"Roger that, Captain."
Norton grabbed Ellie's wrist. She ran with him out of the abandoned colony foodcourt to the old-style Jeep they'd parked outside. Ellie had never seen a car except for in museums, but Norton had outfitted it with a plasma drive and had laughed when she'd been dubious about riding in it. Then she'd sat in the passenger seat, and she'd felt a wild sense of romanticism as he drove her to the contact point. That excitement faded, though, when Norton threw the Jeep in gear and punched the accelerator.
The ride was rough- -her teeth clattered and she gripped the door- - the tires slid when Norton swung around the tight corners, flinging gravel and silt in waves over trash and debris. A long strip of barren ground spread in front of them, dilapidated housing complexes crowding beside the road. Norton gunned the Jeep. Ellie felt the acceleration, the wind whipping her hair and roaring in her ears.
Norton's audio switched on. "Captain, EarthGov's issued a planet-wide alert for the Eudora."
"We're half a click from rendezvous," Norton said. His hands tightened on the wheel. "Keep the engines idling and prep for a hot lift-off."
Ellie watched the landscape blur past, grey and blackened structures running together, and under the Jeep's hum, she heard a high-pitched whine. Then between the buildings, she caught the flash of yellow enamel.
"Norton! EarthGov, three o'clock!"
Norton cursed. "Keep eyes on it, Ellie."
The Yellowjacket was a sleek craft built for tracking and apprehending criminals with extreme prejudice. Ellie had seen Yellowjackets in action- -they were compact and fast, operated by hardened militia, and equipped with enough firepower to level a city block. She tracked the Yellowjacket as it swerved into view overhead and behind them. It was close enough that she caught the eyes of the co-pilot.
"This is the EarthGov Military Intelligence Force. Captain Robert Norton, you are ordered to stop the vehicle and surrender. Repeat, you are ordered to stop the vehicle and surrender," said the co-pilot over the Yellowjacket's loudspeakers. "If you do not, we are authorized to use deadly force."
"I guess I'm an outlaw now," murmured Norton. He squinted at the dirt track in front of them. "Ellie, behind the seat is a grenade launcher. Use it to lock-on to the y-j and bring it down. I'm taking evasive maneuvers."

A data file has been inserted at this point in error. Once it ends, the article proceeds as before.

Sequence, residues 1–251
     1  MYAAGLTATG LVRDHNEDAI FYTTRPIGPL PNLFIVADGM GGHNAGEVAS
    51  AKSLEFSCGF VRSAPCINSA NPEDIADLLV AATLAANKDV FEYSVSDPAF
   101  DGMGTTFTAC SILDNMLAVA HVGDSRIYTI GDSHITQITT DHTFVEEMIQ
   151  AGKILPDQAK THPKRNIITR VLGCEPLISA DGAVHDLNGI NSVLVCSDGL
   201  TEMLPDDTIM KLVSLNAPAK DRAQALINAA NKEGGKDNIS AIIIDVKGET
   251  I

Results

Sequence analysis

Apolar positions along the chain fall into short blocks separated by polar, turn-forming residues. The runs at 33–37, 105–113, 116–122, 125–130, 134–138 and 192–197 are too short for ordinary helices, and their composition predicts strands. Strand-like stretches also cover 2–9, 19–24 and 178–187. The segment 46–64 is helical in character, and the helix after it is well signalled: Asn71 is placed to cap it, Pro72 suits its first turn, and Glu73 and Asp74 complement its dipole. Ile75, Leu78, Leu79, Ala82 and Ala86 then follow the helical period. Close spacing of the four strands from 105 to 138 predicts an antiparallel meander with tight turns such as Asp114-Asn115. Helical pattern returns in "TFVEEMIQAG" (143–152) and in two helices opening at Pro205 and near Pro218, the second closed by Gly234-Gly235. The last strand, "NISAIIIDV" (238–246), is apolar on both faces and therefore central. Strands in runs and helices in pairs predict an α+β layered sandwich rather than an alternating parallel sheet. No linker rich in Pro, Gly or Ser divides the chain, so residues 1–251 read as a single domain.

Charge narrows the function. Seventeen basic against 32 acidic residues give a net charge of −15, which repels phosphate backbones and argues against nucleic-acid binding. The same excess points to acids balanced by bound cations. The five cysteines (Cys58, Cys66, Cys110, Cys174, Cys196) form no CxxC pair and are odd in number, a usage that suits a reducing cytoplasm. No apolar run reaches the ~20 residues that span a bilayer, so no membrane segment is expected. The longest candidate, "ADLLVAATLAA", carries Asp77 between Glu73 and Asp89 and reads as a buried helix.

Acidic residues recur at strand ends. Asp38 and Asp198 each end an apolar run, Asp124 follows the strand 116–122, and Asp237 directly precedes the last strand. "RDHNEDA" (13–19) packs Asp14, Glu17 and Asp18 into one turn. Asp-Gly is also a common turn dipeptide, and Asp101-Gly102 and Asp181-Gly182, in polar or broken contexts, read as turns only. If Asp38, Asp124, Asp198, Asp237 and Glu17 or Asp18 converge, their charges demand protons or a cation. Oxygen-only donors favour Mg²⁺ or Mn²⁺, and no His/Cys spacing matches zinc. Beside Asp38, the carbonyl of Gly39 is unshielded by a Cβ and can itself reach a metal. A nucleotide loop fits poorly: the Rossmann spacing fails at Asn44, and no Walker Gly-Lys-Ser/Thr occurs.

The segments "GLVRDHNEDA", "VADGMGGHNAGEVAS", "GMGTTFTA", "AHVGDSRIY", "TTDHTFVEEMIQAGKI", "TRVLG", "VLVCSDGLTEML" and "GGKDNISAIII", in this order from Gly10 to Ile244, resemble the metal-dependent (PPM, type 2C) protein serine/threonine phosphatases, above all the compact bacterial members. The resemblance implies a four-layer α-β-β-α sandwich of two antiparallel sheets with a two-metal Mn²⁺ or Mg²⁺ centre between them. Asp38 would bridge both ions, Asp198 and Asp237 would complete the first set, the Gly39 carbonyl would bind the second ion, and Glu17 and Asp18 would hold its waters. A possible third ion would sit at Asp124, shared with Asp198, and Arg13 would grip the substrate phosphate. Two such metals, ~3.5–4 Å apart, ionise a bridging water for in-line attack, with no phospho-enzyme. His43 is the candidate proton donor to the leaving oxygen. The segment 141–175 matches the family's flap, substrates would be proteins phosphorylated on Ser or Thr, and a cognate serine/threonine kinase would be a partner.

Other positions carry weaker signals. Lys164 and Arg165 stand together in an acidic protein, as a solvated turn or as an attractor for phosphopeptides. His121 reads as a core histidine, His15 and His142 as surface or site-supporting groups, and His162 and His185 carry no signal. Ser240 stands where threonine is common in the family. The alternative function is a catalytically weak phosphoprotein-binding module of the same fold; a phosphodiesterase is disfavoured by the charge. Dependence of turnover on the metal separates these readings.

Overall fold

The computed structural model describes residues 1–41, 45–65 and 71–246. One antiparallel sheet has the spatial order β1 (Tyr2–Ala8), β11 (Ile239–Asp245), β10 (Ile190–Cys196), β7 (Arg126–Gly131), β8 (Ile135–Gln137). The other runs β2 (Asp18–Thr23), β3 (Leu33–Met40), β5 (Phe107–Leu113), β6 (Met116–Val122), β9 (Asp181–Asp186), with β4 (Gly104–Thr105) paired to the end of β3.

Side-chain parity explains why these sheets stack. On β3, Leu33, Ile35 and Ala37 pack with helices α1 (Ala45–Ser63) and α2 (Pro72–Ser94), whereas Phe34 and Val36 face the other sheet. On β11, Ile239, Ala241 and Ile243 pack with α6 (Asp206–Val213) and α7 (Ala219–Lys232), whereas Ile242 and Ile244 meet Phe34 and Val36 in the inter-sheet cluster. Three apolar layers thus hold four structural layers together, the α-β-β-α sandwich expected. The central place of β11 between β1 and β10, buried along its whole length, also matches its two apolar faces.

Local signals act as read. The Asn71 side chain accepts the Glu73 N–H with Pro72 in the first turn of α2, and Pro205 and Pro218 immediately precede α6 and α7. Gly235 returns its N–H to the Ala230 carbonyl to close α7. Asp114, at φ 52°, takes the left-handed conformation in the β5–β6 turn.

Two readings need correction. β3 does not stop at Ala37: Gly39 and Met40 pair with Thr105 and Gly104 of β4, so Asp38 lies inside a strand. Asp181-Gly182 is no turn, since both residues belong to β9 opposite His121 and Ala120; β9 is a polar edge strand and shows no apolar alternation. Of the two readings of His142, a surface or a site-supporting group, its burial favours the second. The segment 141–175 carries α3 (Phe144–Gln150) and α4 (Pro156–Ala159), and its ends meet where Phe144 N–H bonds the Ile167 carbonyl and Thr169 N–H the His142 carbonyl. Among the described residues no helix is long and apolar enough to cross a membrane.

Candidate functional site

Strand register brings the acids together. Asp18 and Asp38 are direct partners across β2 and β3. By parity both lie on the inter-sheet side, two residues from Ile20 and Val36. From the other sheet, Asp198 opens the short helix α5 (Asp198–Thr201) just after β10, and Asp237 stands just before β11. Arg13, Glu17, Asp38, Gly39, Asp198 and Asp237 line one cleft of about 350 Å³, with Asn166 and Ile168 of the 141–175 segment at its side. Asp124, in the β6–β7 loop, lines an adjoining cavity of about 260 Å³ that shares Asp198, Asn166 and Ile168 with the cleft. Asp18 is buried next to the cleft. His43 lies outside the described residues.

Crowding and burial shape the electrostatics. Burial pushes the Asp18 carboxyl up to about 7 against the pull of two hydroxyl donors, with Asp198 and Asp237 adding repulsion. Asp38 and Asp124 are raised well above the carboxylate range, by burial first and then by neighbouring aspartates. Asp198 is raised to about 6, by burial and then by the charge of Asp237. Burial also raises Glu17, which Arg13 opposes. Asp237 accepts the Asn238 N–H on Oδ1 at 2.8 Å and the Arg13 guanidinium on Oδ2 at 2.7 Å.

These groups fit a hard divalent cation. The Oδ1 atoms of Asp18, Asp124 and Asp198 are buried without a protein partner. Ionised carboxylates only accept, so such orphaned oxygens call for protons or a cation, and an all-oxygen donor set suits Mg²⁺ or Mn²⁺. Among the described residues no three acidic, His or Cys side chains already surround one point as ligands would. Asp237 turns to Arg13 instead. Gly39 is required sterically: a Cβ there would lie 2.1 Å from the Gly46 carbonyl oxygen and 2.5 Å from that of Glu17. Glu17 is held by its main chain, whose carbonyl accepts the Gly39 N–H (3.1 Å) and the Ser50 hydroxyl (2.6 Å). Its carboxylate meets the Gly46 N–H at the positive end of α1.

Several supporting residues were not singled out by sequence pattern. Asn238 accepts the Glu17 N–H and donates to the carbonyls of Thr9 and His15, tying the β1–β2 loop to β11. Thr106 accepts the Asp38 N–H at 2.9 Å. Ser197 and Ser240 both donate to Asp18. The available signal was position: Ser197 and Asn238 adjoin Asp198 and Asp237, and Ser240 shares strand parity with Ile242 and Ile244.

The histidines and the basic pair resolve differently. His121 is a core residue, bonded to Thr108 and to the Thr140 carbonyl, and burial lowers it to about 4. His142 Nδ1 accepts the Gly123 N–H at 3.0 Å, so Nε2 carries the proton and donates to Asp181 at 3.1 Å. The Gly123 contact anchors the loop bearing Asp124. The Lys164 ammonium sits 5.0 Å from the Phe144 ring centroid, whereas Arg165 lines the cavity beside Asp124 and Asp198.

He careened the Jeep to the right. Ellie was flung against the door, but gamely reached back. Her fingers brushed a hard case, came into contact with a handle. When she tugged the handle, the case snagged and she couldn't free it. Norton zigzagged between the buildings, but the Yellowjacket kept pace. A second later, an explosion rocked the Jeep, showering Norton and Ellie with stones and debris. In the chaos, Ellie twisted in her seat, kept a hand planted on the dash for support, and threw herself into the backseat. Her head whammed into the door, dazing her, but she bit down the blare of pain.
Missiles whistled and blasted around them. Norton kept the Jeep speeding ahead of the Yellowjacket, but the pilot was good and kept on their asses. Ellie knelt in the backseat, a haze of red clouding her vision, and fought to open the case. She worked free the latches, the case popped open, and a black weapon lay on foam, with a ring of ammunition. In practice moves, even against the sharp sways of the Jeep, she prepped the launcher and ammo, and hoisted it into her shoulder.
She had the Yellowjacket in her sights even at it swooped and dipped side to side. The small flip-screen showed green- -target locked. She squeezed the trigger as Norton fishtailed around another corner. The grenade flared an arch in the sky, spiraled, and hit the Yellowjacket's nose. Bright flames plumed across the craft. It dropped and peeled off to the side, missing a building's corner by centimeters. She heard the crunch as metal met ground. That was the break they needed. Norton wove through the deserted area to where the Eudora had the ramp open and screeched to a stop in the hold.